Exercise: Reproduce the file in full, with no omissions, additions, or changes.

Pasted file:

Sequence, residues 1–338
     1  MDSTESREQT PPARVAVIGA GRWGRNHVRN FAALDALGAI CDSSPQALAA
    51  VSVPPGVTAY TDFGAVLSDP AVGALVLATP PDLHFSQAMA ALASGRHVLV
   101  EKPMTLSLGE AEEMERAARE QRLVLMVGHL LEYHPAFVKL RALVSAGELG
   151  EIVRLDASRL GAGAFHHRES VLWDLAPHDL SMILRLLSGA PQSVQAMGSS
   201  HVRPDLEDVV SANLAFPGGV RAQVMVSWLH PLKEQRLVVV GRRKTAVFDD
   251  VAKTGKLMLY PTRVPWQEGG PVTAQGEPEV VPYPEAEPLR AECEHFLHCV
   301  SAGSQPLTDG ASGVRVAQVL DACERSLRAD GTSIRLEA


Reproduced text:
Sequence, residues 1–338
     1  MDSTESREQT PPARVAVIGA GRWGRNHVRN FAALDALGAI CDSSPQALAA
    51  VSVPPGVTAY TDFGAVLSDP AVGALVLATP PDLHFSQAMA ALASGRHVLV
   101  EKPMTLSLGE AEEMERAARE QRLVLMVGHL LEYHPAFVKL RALVSAGELG
   151  EIVRLDASRL GAGAFHHRES VLWDLAPHDL SMILRLLSGA PQSVQAMGSS
   201  HVRPDLEDVV SANLAFPGGV RAQVMVSWLH PLKEQRLVVV GRRKTAVFDD
   251  VAKTGKLMLY PTRVPWQEGG PVTAQGEPEV VPYPEAEPLR AECEHFLHCV
   301  SAGSQPLTDG ASGVRVAQVL DACERSLRAD GTSIRLEA